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Quokka makes an important distinction between the Middle Rhine, on which lavandula has focused and which is often seen in 3 days, and the Rheinland, for which 3 weeks is maybe a nice amount of time.

Trier and Xanten for Roman history. And in Mainz, check out the Roman theater being unearthed at the Mainz Roemisches Theater train station, rear platform.

WW II: Panzerwerk Katzenkopf, German bunker in Irrel (near Trier, Sunday afternoons.) Remagen Peace Museum: www.bruecke-remagen.de . You might venture into Belgium or Luxembourg to visit Henri Chapelle cemetery, the Ardennes battle front towns, or the American Cemetery (Patton.)

Besides the Cologne's massive gothic cathedral, Mainz, and Worms and Speyer to the south, have some fabulous Romanesque examples.

Castles: Burg Eltz and Marksburg have terrific tours. Reichsburg in Cochem has a jaw-dropping presence, a less impressive tour, and a terrific falconry show. I've enjoyed short woodsy hikes + castle combo visit on the Rhine (Bingen to Rheinstein) and the Mosel (Moselkern to Burg Eltz, Alf to Burg Arras.) For a splurge, spend a night at Auf Schoenburg castle in Oberwesel.

Festivals: wine fests, often in connection with Rhine in Flames fireworks shows, can be incredible fun and attract lots of visitors. Try to schedule a stay or two in the right town at the right time. Johannisnacht in Mainz on the 22-25th of June comes to mind, but there are many others.
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Old Jan 5th, 2012, 10:58 PM
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Thank you all for the replies. It gives us a lot to start with. There are many things to consider and this helps tremendously. I do like the idea of popping into Luxembourg and Belgium.
Klondiketoo: We have not decided on modes of transportation. We figured train travel would be the first option when available, but we are not ruling anything out yet. Likely our lodging will be hotels/vacation rentals.
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Old Jan 5th, 2012, 11:38 PM
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Train travel is the first option, and almost everything mentioned so far can easily be done by train. To explore some rural areas like, for example, the Eifel hills or Münsterland, renting a car for a day or two might make sense. Bikes are an alternative to consider for some tours, like along the river valleys or in Münsterland or in the Ruhr district. Boats run in the Rhine gorge and on the Mosel.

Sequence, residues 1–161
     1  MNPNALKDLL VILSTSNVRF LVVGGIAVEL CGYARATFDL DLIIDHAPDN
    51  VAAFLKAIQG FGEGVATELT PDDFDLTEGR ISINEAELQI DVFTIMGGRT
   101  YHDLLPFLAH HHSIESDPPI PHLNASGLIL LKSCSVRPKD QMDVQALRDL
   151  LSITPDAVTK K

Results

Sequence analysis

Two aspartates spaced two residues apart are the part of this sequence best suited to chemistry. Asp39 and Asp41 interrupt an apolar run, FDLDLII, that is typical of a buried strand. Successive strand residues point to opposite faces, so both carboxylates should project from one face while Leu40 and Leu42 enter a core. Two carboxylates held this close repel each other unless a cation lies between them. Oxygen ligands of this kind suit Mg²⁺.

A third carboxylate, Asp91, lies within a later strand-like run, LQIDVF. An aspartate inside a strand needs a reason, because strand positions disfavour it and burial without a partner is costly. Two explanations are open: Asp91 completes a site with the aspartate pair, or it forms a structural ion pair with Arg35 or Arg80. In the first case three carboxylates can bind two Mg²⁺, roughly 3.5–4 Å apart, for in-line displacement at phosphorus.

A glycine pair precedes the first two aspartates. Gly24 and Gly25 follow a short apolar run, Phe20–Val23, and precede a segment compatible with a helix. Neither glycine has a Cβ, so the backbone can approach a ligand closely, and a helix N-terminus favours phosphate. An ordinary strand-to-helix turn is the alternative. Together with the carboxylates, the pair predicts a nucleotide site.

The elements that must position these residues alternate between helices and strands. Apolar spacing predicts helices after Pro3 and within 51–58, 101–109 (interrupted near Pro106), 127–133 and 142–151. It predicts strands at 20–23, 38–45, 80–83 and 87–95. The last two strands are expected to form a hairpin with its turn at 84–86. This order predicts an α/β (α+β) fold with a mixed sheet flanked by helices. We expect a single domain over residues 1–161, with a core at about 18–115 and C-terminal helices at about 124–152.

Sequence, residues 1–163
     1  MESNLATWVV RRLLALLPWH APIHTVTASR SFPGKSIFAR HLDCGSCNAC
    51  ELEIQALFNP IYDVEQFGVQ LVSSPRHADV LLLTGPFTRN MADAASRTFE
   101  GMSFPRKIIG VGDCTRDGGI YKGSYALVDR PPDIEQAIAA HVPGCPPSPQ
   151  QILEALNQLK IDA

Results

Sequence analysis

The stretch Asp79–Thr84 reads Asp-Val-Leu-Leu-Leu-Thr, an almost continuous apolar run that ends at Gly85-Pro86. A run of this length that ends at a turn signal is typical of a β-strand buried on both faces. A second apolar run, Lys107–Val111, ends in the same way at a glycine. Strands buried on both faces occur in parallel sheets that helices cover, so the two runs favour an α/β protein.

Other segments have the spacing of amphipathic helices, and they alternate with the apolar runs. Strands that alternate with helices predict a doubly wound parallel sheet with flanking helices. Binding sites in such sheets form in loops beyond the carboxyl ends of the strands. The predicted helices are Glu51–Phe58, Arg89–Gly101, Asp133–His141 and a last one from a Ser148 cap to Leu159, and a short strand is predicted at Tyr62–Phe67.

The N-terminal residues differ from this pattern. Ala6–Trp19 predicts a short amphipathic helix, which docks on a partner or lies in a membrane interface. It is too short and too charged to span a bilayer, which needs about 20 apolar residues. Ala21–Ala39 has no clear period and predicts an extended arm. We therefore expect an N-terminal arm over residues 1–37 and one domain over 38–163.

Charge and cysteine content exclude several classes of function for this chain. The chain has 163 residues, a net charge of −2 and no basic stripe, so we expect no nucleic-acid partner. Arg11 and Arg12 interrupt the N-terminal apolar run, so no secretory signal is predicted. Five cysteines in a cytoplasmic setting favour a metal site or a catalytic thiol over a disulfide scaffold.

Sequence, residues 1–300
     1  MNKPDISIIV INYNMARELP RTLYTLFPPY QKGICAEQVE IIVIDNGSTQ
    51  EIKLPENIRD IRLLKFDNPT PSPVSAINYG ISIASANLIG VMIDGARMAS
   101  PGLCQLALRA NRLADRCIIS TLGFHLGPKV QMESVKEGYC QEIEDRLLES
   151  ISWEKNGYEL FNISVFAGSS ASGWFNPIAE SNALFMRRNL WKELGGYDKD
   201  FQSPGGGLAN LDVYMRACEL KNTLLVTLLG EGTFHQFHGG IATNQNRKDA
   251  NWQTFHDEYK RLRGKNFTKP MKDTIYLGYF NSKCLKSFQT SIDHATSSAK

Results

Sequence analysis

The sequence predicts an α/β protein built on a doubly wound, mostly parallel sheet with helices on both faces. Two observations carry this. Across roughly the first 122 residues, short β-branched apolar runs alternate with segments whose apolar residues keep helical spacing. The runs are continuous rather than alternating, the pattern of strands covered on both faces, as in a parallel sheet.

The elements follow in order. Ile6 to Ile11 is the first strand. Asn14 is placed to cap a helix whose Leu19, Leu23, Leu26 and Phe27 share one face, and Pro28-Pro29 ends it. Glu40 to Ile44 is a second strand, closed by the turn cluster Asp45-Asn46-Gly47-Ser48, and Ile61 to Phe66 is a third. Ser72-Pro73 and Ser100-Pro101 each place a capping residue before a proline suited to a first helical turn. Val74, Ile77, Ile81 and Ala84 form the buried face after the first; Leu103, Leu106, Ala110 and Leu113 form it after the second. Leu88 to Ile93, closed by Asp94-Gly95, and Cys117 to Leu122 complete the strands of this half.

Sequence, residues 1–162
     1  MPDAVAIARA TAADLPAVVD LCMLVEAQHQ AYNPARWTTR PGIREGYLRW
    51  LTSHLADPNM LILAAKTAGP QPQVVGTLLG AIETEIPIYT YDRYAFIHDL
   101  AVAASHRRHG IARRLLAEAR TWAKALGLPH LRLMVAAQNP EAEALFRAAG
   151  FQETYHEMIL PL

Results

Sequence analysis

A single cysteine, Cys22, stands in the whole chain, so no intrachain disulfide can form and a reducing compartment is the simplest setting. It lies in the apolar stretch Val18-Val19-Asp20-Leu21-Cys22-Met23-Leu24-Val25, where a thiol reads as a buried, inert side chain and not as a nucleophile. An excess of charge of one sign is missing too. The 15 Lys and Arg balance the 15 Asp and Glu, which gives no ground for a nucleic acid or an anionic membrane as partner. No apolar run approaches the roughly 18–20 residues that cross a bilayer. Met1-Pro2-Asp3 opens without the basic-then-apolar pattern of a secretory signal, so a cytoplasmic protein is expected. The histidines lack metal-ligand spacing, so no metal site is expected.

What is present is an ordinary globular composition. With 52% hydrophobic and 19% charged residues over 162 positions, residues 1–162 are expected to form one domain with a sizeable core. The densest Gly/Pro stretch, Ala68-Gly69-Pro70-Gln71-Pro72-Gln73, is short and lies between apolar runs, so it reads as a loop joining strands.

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Old Jan 6th, 2012, 02:49 PM
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Bookmarking for the great ideas in this thread. I'll be staying on the middle Rhine for 5 nights & on the Mosel in Cochem for 4 nights in July. So much to do.... so little time with only 9 nights. I'm envious of the OP's 3 weeks!
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Old Jan 7th, 2012, 08:46 AM
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Well I didn't find the Rhine area 'boring'. A bit slow paced maybe but there was plenty to do and see. We covered the mid Rhine area and Mosel. I did find Cologne to be pretty boring - one of my least favorite European cities. Here is a link to my trip report and photos - http://www.fodors.com/community/euro...rip-report.cfm
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Old Jan 7th, 2012, 09:00 AM
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Well what with the wine (and the wine festivals) , the hiking, the biking, the summer luge, the castles, the tripper boats and the little trains, the lovely old houses and the food I think you have chosen a great area. I first came to here as part of a Mosel wine trip and used the Trier tourist site to book a weekend's tour of one of their local winery, luckily it turned out to be Peter Terges's turn as wine maker and I discovered his lovely wines. Since then I have stayed in the elegent Becker's Hotel (opposite the winery) three times, including going to the fetival which included a Pink Floyd tribute band in the Roman Race course.

This is just one of a number of holidays I've spent in the areas. |Have a look at http://www.mybikeguide.co.uk and see if any of the advise helps there. Also have a look at the Bad Durkheim web site (home of the world's largest wine festival) and you may even think of progressing along the Rhine in the Alsace region of France.